Let’s first assume that you meet all the requirements of city ordinances and zoning restrictions. Can you run your business from your home? The answer to this mostly depends mostly on what type of business we’re talking about, and how permissive your co-op board is. You may have permits for a day-care center, for instance, but the board still might not allow you to run one. The power of a Co-Op board can be far reaching.
Disruption and security are, by far, the most important factors in gaining board approval. Are you a writer that sits alone at your desk all day? Are you teaching a dance class in your living room? Perhaps you’re a therapist who counsels patients in your guest room? All of these professions present different, yet very important nuances.
Your co-op will likely discourage or ban anything that will make too much noise or may be too disruptive to your neighbors (tap dancing lessons). The board may also frown upon the frequent guests, for example, if you are a therapist who has a new patient entering the building once every hour, six days a week. The board also has the authority to provide restrictions, such as requiring your guests to wait in the lobby rather than your hallway, or demanding that you provide your own “waiting room” within your unit, with limited times that clients can enter, and disallowing walk-ins.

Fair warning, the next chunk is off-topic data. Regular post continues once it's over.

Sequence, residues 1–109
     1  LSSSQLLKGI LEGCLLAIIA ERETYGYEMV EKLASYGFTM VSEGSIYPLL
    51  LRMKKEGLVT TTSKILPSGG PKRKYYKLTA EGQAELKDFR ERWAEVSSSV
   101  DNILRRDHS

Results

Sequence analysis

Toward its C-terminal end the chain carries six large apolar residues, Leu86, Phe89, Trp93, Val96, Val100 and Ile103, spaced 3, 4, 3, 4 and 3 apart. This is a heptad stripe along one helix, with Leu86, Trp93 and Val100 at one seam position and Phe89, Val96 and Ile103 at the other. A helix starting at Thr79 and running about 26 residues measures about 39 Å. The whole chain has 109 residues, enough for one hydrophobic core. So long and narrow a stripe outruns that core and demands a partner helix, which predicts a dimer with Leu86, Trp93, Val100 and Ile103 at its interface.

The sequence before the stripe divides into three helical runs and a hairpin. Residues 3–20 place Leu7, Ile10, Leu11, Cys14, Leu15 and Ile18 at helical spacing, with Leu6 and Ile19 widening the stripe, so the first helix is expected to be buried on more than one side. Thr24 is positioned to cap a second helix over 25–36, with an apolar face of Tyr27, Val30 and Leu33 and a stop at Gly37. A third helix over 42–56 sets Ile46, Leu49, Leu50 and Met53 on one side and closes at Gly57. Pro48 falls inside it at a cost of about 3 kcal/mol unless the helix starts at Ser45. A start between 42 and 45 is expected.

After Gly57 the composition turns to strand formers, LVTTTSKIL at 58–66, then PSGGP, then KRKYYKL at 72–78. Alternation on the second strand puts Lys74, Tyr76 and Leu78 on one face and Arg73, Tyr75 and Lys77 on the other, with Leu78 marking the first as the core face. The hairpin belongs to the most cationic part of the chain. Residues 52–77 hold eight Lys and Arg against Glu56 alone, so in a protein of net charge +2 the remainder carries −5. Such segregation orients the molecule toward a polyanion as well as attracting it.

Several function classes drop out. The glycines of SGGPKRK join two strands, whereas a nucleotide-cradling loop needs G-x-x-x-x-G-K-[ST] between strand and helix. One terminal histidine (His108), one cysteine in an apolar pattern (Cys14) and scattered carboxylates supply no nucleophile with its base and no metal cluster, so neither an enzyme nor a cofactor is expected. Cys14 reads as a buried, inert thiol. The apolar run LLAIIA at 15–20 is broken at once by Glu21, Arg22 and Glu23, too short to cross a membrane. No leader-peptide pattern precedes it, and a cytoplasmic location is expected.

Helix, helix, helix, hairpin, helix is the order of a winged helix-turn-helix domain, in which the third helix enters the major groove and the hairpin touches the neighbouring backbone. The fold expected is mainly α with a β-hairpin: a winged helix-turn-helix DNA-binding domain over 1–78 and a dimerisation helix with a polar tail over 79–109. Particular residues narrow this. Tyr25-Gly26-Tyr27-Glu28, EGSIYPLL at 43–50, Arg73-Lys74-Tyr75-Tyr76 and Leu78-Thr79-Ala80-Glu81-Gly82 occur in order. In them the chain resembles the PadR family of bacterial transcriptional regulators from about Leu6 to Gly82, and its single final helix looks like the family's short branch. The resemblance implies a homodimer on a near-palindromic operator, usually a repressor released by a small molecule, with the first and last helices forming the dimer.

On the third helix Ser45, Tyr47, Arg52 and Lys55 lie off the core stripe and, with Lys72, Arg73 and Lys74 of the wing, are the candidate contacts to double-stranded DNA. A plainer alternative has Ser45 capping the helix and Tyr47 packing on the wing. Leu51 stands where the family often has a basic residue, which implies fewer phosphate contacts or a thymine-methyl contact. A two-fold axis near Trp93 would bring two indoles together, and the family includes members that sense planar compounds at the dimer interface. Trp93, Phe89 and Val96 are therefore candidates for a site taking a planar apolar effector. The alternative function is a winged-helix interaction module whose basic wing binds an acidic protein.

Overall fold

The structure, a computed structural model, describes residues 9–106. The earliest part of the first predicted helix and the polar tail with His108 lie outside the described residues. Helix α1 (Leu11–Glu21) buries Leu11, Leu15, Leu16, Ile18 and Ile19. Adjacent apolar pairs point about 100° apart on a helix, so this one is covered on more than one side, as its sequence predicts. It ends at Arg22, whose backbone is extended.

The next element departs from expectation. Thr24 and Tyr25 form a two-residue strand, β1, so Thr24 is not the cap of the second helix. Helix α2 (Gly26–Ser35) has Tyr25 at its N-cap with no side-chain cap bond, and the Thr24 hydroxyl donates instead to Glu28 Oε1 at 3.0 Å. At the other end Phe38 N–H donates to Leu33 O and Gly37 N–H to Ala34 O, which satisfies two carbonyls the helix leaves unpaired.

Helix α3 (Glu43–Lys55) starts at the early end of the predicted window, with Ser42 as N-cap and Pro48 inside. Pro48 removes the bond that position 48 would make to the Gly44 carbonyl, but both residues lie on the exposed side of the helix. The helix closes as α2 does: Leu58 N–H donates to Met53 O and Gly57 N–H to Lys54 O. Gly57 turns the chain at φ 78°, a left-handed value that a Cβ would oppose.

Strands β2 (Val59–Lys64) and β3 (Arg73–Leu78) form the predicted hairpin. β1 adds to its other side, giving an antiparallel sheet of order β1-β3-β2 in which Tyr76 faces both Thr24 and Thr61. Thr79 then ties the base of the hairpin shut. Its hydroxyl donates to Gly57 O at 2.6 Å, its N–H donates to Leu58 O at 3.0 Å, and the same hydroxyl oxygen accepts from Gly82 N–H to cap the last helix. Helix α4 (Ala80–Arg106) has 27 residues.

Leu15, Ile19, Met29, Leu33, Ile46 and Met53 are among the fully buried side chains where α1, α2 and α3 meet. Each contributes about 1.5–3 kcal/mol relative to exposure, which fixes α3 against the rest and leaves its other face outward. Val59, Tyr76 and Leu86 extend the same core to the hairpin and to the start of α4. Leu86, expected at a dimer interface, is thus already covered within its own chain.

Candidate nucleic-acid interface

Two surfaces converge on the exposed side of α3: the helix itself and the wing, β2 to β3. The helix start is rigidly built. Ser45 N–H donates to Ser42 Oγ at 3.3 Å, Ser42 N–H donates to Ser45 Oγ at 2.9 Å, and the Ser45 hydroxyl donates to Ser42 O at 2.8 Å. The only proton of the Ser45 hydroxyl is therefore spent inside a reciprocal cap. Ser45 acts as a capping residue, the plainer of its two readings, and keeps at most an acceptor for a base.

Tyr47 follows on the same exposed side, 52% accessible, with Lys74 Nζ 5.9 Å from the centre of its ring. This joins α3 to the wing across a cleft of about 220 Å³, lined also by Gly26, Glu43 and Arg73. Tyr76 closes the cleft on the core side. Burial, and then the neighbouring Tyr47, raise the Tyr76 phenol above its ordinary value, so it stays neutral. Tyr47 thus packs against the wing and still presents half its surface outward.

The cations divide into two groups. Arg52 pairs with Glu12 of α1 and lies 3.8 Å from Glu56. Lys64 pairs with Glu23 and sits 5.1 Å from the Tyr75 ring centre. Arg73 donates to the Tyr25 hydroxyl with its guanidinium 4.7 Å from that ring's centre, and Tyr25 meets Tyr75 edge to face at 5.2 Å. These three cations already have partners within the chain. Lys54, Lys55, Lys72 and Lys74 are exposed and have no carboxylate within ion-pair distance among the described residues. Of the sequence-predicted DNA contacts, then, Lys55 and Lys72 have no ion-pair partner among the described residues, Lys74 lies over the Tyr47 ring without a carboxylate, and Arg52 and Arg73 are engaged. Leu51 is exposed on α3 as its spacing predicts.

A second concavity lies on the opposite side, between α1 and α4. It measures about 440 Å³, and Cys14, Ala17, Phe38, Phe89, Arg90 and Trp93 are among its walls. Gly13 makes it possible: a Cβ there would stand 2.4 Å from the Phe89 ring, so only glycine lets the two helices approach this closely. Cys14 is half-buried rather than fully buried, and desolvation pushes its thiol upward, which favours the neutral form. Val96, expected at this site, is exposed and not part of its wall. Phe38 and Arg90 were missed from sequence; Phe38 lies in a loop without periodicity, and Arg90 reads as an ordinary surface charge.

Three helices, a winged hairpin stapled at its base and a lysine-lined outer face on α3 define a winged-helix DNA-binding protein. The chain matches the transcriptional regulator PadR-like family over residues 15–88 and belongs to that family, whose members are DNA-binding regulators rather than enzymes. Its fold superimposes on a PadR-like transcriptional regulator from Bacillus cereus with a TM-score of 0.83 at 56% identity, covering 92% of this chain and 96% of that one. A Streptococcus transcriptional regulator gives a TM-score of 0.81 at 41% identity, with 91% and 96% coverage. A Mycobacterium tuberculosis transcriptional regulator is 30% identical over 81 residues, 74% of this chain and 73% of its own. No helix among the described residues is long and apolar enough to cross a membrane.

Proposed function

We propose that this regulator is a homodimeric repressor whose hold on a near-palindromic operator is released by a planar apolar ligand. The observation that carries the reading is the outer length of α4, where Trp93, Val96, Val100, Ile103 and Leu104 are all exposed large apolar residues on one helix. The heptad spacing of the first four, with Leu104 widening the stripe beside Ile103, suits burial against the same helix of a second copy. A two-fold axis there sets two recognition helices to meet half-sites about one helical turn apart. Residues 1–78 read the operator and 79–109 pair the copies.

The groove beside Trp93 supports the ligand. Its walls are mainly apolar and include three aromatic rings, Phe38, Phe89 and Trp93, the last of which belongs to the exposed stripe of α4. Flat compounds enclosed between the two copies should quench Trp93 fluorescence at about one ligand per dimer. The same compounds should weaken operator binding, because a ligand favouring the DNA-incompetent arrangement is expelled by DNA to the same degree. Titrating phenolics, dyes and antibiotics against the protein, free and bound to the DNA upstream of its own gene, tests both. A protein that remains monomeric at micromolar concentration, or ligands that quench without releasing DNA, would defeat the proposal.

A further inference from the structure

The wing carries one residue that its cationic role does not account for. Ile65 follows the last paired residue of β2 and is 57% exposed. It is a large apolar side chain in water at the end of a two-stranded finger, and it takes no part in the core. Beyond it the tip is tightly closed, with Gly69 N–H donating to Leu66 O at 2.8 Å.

Another big issue that a board will consider involves the possibility of fire or other physical destruction. It’s unlikely that your board will approve of a plumbing business that stores hazardous or flammable chemicals, or a metal working business that requires use of a torch. Co-op residents thinking of starting a home-based business should review the rules and regulations of the condominium association prior to operating a business out of their unit.